Can't get my 6v motor to run.

So basically what I have is the arduino get's a signal from a switch(it will be a motion sensor). The switch gets 5V and goes to a digital input. Then I have a digital output that sends it's signal to a MOSFET. The MOSFET in turn takes power from 4 AA batteries and sends it to a 6V motor. I've tested all components and know they all work. I'm using this MOSFET setup here. (SparkFun MOSFET Power Control Kit - COM-10256 - SparkFun Electronics)Any ideas as to why this isn't working? Here is my code:

int PIR = 2;
int PUMP = 3;
//initialize Pin 2 as input and Pin 3 as output
void setup(){
  pinMode(PIR, INPUT);
  pinMode(PUMP, OUTPUT);  
  }
//Runs until shutting down. Wait for input, send output, wait one minute,etc
void loop(){
  { 
    if (digitalRead(PIR == LOW)){
      digitalWrite(PUMP, LOW);
      delay(200);
    }
    else
    {
      digitalWrite(PUMP, HIGH);
      delay(1000);
    }
  }
}

Here is my circuit(just replace the PIR sensor with a simple momentary push button switch for now):

Oh ya, if I try this code the motor will run constantly but in short bursts, not a constant power to it.

int PIR = 2;
int PUMP = 3;

//initialize Pin 2 as input and Pin 3 as output
void setup(){
  pinMode(PIR, INPUT);
  pinMode(PUMP, OUTPUT);  
  Serial.begin(9600);
}

//Runs until shutting down. Wait for input, send output, wait one minute,etc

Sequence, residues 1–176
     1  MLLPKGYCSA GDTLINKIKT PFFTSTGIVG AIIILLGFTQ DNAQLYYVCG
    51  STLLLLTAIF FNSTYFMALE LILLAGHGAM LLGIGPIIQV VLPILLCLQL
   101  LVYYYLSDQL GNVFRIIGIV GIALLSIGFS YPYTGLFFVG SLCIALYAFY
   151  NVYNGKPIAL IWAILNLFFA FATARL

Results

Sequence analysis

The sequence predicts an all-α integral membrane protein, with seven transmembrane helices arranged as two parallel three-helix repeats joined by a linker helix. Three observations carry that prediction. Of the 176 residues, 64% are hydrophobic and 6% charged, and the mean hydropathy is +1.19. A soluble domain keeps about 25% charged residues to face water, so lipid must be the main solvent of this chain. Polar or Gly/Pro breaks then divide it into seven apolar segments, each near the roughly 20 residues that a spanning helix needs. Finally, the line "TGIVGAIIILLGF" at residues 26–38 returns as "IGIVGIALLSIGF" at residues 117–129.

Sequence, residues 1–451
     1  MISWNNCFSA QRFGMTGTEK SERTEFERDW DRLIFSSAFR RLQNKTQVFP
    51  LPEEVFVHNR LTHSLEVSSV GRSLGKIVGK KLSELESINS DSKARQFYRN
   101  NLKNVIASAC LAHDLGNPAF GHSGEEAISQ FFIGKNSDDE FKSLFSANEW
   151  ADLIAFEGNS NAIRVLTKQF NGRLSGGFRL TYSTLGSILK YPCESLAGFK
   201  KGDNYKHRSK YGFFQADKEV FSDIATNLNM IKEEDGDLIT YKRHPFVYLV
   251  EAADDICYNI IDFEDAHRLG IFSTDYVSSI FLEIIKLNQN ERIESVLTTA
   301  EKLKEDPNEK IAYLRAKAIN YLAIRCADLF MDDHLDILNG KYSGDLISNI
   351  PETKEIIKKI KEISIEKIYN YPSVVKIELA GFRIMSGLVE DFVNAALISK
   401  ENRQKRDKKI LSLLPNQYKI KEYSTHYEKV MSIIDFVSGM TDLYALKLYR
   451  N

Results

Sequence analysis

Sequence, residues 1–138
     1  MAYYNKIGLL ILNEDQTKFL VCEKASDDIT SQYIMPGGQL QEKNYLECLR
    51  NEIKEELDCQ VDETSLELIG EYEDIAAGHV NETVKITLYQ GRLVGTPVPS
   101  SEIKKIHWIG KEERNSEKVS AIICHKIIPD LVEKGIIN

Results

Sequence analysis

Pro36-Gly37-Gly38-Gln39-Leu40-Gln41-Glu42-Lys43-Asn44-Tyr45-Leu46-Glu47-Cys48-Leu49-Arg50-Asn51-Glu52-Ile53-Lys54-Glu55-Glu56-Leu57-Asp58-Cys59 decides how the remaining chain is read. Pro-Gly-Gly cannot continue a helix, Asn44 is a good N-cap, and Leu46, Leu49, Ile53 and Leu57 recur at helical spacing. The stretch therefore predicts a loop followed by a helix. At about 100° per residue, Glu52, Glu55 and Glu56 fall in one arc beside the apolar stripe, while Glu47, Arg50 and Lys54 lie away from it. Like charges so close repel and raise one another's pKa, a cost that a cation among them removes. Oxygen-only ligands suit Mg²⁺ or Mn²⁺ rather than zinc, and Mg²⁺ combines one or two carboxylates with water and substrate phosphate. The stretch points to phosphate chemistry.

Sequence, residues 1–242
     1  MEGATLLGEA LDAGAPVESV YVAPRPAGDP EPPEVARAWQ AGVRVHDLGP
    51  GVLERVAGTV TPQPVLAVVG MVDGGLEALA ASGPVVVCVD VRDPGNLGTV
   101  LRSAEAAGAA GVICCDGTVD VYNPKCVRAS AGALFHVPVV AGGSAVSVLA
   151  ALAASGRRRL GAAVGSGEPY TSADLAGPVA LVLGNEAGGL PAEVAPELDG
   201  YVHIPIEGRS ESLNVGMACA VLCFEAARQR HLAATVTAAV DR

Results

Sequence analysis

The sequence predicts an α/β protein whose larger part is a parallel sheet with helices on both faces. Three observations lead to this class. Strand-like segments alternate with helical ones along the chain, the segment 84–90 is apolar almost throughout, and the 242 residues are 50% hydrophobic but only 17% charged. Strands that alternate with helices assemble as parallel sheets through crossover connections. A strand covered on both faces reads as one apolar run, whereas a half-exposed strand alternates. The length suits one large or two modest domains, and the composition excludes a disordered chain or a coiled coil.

void loop(){
  //read the output state:
  int outputState = digitalRead(PIR);
  //print the state of the output
  Serial.println(outputState);

      if (digitalRead(PIR == HIGH)){
      digitalWrite(PUMP, HIGH);
      delay(1000);
    }
  delay(2000);
}
  1. Your schematic shows the 9V battery as being shorted, rather than connected between the Arduino power input and ground. How do you actually have it connected?

  2. What part number mosfet are you using? Your schematic shows IRF9530, which is a P-channel mosfet and not suitable (the motor would run continuously), but the SparkFun board you linked to uses a logic level N-channel mosfet (which would be correct).

dc42:

  1. Your schematic shows the 9V battery as being shorted, rather than connected between the Arduino power input and ground. How do you actually have it connected?

That's just a basic 9V battery snap that plugs into the Arduino. I just didn't get too fancy with the schematic.

  1. What part number mosfet are you using? Your schematic shows IRF9530, which is a P-channel mosfet and not suitable (the motor would run continuously), but the SparkFun board you linked to uses a logic level N-channel mosfet (which would be correct).

Those are just the automatic labels that CIrcuitLab uses. I'm using the sparkfun one. This may be a wiring issue on the board itself. I'm still looking into it though.